By Adam Aton, E&E News reporter, originally published by E&E News
President Trump yesterday made inaccurate wildfire and water claims while meeting with local officials from California, and threatened to withhold federal firefighting money from the Golden State.
Moments after Trump accepted a certificate thanking him for the response to this summer’s Carr Fire, the sixth most destructive in state history, he incorrectly asserted that California could avoid forest fires altogether if more trees were cut down.
“We’re tired of giving California hundreds and hundreds of millions of dollars all the time for their forest fires, when you wouldn’t have them if they manage their forests properly,” he said. “So California, get on the ball, because we’re not going to hand you any more money; it’s ridiculous.”
Chief Scientist, Dr. Dominick DellaSala, addresses the role of primary (unlogged) rainforests at the California Climate Summit. The video below is set to begin about 1 hour and 20 minutes in, at the start of Dr. DellaSala’s presentation.
Marc Heller, E&E News reporter
Originally Published: Wednesday, August 29, 2018 at E&E News
Senate Agriculture Chairman Pat Roberts said yesterday he aims to have a new draft farm bill ready by the time a House-Senate conference committee meets on the legislation next week.
The Kansas Republican told reporters the top four lawmakers on the House and Senate agriculture committees discussed the 2018 farm bill on a conference call yesterday, as they try to iron out differences on nutrition, conservation and other aspects of the five-year measure.
The 2014 farm bill expires at the end of September.
“I think that went well,” Roberts said of the discussion with Senate Agriculture Committee ranking member Debbie Stabenow (D-Mich.) and House Agriculture Chairman Mike Conaway (R-Texas) and ranking member Collin Peterson (D-Minn.).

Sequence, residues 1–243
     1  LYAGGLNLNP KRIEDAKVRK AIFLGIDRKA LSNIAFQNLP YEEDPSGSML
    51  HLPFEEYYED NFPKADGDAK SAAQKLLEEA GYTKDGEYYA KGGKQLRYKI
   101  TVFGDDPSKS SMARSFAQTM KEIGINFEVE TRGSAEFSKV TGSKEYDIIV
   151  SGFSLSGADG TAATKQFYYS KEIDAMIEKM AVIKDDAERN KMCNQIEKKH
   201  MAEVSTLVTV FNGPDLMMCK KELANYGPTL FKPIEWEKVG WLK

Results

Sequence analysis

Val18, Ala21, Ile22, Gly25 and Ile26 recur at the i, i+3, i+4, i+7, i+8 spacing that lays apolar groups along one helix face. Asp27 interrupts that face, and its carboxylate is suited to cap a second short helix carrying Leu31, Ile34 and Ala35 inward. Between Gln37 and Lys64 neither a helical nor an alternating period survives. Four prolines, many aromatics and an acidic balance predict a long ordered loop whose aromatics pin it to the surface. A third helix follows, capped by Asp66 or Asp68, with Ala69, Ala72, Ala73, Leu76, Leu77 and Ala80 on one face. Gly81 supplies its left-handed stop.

Asked whether he expects to present a draft conference report to the panel at its first meeting Sept. 5, Roberts said: “That’s the goal. We’re not there yet. More meetings and more phone calls.”
With the expiration of the current farm bill looming, and midterm elections weeks later, pressure is growing on the Republican-led Congress to complete a bill before a potential flip of the House to Democratic control.
Date: August 16, 2018
At the Geos Institute, we take seriously the statements made by Secretary Ryan Zinke that Americans concerned about timber harvesting on public lands are “environmental terrorists.”
Like so many of our fellow Americans, we explore, fish, hike, recreate, and enjoy our public lands. We are parents, homeowners, scientists, and everyday people working to advance social and ecological causes using the public processes our democracy was founded upon.
People advocating on behalf of the environment have cleaned up our air and water and prevented irreparable harm to ecosystems across our nation. Public lands are a key part of our children’s inheritance and we are proud to defend them against ill-conceived management and resource extraction.
We do not employ violence or the threat of violence in our efforts to protect the public lands that provide essential services to our communities. We deplore the use of violence because it is immoral to harm, or threaten to harm, others in the course of advocating for a particular action.
Unfounded verbal attacks like those from the Trump Administration violate the fundamental basis of our democracy – the idea that we can passionately debate issues in the public sphere freely without fear of harm. They impede our ability to work proactively in our communities on fire preparation – the very activities that protect homes, lives, and livelihoods.
The comments made by Secretary Zinke create a wedge where there is no need to have one and put Americans at risk of violence and misdirected retaliatory actions. Addressing climate change and its effects on wildfires is a complex endeavor, one that requires people with level heads to work together. Rhetoric like this gets in the way of real solutions and moves us backward. We expect and deserve better from our leaders.
As always, we stand ready to work with the Administration on proactive community protection from wildfires and we ask that administration officials refrain from statements that could lead to violence in our communities.